A debrief about organizing OpenEd Jam

Now that OpenEd Jam has officially happened. I’m going to take some time to reflect on what led up to the event, people’s reaction to the event, and my plans (as of only this moment) for the future of OpenEd Jam. Until now, I haven’t mentioned much about OpenEd Jam on my blog. I figure now that the first event has happened, I can barely start to reflect on it. The following is a short debrief on how I went about organizing it including some sticky situations and general lack of understanding on my part.

Planning and executing OpenEd Jam was an experience I never imagined having. It all started from a message I sent out to friends. I just wanted to sit and discuss ideas about freely licensed software/hardware with some friends. Well, that turned into something much larger. Someone offered the idea of making a confe rence on this theme. Before I knew it, I was planning a full blown conference on freely licensed educational materials. And this was in the middle of December, in the midst of the holidays, basically six months before the event took place.

Crazy.

Since I had never done anything like this before, I think it was a little easier for me to go with the flow about it. Throughout the initial weeks I would think things like, “We probably need a logo. One of my friends is a designer…maybe they’d like to help out with a logo. I’ll have to remember to ask him next time I see him.” I asked people I knew for help, reached out to different communities through email to try to connect with people who might like to speak at the event, created a Twitter account, tweeted from the account, helped create a fully freely licensed website for the event, set up “Planning Committee Meetings”.

And sure enough, people were responsive. I saw this as a good sign that this idea of bringing together the community surrounding freely licensed education materials was actually doable and wanted.

The first few months, I really was just stumbling upon different ideas and going with them. I saw that Open Education Week was in March so I figured I’d tweet a bunch about OpenEd Jam and host an Open Education Week event in San Antonio to try to gain momemtum and hopefully get people in San Antonio aware of the Open Education movement. I think this worked well. People started engaging with me online about the event and asking questions. People’s curiousity about the event kept the idea alive.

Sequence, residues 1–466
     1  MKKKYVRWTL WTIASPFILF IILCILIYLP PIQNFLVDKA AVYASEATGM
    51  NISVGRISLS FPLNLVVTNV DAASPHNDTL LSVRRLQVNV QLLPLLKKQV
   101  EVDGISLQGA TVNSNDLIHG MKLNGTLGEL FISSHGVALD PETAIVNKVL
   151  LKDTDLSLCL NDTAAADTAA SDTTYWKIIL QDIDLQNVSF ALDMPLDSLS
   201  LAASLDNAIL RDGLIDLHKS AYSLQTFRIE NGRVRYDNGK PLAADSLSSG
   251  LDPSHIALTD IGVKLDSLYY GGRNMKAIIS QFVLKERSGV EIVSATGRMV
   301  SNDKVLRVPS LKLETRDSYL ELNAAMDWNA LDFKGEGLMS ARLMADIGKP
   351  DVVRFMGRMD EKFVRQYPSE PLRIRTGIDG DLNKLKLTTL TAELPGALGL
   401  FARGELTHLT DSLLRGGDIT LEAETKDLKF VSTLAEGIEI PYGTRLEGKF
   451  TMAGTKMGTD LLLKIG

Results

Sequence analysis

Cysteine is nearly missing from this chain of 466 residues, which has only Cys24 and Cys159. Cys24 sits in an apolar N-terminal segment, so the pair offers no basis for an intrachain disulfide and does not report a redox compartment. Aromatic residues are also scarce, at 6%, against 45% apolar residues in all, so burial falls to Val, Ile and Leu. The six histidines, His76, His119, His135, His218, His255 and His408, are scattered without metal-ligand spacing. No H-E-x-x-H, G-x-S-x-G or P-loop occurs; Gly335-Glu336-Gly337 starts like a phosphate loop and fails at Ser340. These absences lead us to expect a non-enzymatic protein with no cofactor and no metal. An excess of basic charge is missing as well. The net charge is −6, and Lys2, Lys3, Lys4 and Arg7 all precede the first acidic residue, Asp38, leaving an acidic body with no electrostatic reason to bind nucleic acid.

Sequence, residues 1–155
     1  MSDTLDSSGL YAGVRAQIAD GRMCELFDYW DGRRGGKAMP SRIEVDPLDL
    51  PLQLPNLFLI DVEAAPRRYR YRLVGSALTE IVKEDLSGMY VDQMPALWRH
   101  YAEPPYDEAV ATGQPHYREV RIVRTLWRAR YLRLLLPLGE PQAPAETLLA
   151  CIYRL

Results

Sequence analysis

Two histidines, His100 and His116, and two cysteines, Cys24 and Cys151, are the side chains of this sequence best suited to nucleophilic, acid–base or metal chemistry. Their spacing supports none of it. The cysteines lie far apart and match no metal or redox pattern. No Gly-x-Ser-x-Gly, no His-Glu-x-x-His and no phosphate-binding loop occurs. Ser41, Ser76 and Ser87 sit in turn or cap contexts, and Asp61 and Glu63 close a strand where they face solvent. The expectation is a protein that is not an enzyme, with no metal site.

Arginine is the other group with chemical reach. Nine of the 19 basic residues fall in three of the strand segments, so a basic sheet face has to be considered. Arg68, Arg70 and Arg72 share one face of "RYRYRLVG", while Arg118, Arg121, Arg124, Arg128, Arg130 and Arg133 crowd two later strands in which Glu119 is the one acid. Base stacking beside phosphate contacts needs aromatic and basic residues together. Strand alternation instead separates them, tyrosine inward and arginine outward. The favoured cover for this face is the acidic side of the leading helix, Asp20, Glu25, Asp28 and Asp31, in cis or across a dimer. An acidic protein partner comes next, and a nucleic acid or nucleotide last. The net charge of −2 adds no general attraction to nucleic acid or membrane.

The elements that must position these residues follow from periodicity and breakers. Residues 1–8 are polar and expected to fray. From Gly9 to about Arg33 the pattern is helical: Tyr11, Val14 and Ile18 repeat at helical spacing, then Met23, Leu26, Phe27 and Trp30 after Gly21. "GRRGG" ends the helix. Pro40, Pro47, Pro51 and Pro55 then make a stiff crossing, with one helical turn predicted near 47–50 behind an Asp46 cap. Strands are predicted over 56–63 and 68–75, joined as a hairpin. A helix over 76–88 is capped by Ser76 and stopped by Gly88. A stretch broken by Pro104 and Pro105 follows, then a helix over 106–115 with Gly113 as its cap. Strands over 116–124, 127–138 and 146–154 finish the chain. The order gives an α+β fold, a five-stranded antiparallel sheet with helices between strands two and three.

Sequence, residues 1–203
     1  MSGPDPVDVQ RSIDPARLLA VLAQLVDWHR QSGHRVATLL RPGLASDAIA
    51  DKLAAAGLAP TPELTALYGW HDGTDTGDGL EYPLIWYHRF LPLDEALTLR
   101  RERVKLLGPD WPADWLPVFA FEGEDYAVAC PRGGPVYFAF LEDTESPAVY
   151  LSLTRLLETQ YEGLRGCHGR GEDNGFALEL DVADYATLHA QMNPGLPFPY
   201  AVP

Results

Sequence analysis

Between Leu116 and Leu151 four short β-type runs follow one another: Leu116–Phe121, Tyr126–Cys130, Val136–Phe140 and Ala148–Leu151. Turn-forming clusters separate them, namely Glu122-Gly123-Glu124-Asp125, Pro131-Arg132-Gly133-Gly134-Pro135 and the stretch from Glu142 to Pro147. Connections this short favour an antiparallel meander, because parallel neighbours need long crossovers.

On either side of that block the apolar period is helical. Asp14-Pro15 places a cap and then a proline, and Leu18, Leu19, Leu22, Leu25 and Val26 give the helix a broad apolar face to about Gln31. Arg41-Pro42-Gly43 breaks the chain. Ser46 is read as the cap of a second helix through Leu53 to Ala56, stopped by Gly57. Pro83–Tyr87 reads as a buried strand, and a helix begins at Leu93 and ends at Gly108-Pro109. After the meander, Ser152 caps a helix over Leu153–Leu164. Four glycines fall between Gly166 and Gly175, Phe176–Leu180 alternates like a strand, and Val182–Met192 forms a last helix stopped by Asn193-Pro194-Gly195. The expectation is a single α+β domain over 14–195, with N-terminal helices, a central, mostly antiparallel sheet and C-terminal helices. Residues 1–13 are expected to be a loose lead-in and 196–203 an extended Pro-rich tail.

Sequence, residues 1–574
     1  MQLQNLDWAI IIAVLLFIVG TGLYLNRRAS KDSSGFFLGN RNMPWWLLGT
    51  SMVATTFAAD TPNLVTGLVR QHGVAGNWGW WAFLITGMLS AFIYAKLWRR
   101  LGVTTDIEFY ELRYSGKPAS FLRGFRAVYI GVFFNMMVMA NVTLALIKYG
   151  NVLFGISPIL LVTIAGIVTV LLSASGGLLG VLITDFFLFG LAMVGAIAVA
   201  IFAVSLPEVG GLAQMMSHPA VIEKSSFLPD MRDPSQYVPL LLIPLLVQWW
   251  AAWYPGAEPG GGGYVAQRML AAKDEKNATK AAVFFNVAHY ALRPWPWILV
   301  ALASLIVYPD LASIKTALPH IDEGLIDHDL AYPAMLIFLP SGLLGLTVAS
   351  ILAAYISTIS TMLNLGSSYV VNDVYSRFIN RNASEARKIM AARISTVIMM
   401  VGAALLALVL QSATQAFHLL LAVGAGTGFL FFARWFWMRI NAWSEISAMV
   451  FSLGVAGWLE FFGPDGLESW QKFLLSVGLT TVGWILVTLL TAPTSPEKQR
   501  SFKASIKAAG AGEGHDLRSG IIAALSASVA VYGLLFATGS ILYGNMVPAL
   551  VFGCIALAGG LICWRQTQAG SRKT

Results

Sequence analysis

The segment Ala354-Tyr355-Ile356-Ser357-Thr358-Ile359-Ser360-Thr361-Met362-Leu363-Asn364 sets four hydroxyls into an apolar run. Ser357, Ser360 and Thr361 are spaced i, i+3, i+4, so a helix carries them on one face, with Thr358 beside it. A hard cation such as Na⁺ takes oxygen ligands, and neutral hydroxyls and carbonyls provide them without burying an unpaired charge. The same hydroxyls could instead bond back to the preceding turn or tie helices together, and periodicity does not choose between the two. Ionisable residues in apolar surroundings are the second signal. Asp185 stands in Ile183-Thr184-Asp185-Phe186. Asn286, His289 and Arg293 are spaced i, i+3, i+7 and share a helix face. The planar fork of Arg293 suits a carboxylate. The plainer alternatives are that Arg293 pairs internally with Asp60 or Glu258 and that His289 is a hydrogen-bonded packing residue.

Then, I started to feel overwhelmed. Having never done this before, I didn’t really have systems in place to handle all of the communication with people and had to make lots of stuff up as I went along. Thank goodness for the internet and friends. I would’ve failed miserably without them. I had little to no clue about about project management, writing a press release, determining an appropriate location, fundraising generally, and “how the heck are we going to funnel the money?” ‘Fiscal sponsor, duh.’ The world of non-profit event planning eluded me.

It still does.

Anyway, people started submitting session proposals in April. That was such an awesome feeling. All of these amazing people were interested in coming to this event to meet people who were interested and doing things in the Open Education field. I couldn’t believe the amount of proposals we got.

I had initially said we would try to fund travel scholarships for people who couldn’t afford the trip (being an AmeriCorps VISTA, I know all about that). Unfortunately though, I quickly realized that we would simply not have enough funding the first time around. This was quite a disappointing thing for me. I wish I could’ve raised more funds, so people who were genuinely amazing could come to the event without killing their wallets. San Antonio is a hard place to travel to.

Hopefully, the next OpenEd Jam will be able to fund some travel scholarships for these exemplary people.

I will leave this post as it is now. I’m mostly covering logisitics in this post to get it out of the way, so I can focus more on what happened at the event and how it can be improved for next year in my next posts. I hope this post gives you a first glimpse into my process for organizing the event, failures and successes all.

Too-da-loo!

 

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